Maritime Commons attended the 2015 Offshore Technology Conference to provide you with a wrap-up of what was covered by the U.S. Coast Guard and the Bureau of Safety and Environmental Enforcement, or BSEE.
The assistant commandant for U.S. Coast Guard prevention policy, Rear Adm. Paul Thomas, and BSEE director, Brian Salerno, shared the stage on a speaking panel to provide their regulatory stance and joint agency initiatives for offshore safety. The panel was moderated by Charlie Williams, executive director for the Center for Offshore Safety – an industry sponsored organization focused exclusively on offshore safety on the U.S. Outer Continental Shelf
For those of you who were unable to attend, Maritime Commons is providing a condensed version of Thomas and Salerno’s remarks in a six-part series. These remarks are not ‘as delivered’ but provide a condensed version of the panel highlights in the ‘panel-conversational’ style.
Subsea containment issues
We needed to establish requirements and ensure that capability was established for subsea containment and recovery. Industry responded to the requirement and created this capability, which now it acts very much like an oil spill response organization. I think this is a very tangible example of how quickly things have changed and how we’ve become much better prepared.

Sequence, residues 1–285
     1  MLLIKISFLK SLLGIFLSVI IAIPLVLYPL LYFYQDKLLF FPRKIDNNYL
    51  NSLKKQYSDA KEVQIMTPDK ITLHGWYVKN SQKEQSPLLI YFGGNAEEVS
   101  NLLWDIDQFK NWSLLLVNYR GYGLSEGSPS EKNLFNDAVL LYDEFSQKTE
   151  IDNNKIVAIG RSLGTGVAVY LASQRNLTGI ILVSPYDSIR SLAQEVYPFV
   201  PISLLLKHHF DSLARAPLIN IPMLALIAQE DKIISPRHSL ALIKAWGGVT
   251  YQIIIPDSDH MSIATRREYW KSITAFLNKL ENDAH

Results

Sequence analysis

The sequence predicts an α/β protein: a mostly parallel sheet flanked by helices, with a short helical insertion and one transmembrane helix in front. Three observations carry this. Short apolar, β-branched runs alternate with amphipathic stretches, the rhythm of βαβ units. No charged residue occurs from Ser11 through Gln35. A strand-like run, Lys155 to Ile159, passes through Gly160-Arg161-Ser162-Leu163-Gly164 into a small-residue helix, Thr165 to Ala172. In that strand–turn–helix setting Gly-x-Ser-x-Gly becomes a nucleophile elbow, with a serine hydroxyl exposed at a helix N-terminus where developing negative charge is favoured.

BSEE is responsible for verifying the preparedness of the operator including making a determination as to whether sufficient capability exists to respond to a worst-case discharge. In an actual emergency, BSEE would support the Coast Guard in their role the federal on-scene coordinator.
One of the lessons learned from Deepwater Horizon is that the work that we were doing in oil spill preparedness was not always well coordinated with the Coast Guard. That gap existed not only in the Gulf but everywhere. Over the past five years, we have worked very diligently to close that gap.
Rear Adm. Paul Thomas:
What we recently certified is not what we were talking about doing 5 years ago with subsea containment issues because things evolve so quickly; so the system that you’re looking at today is much more complex and the design continues to evolve. I think what’s important is that we remain progressive in our role as regulators.
Salerno and Thomas want to continue the question. You can send your questions to them on Twitter using the #BSEEUSCG or write them here, on Maritime Commons.
In addition to this post, be sure to read the other posts from the 2015 Offshore Technology Conference.
Part 1: Progress since Deepwater Horizon
Part 2: Subsea containment issues
Part 3: Future challenges and opportunities
Part 4: Complexity of operations and cyber
Part 5: Risk-based operations
Part 6: Continuing the offshore safety discussion
This blog is not a replacement or substitute for the formal posting of regulations and updates or existing processes for receiving formal feedback of the same. Links provided on this blog will direct the reader to official source documents, such as the Federal Register, Homeport and the Code of Federal Regulations. These documents remain the official source for regulatory information published by the Coast Guard.
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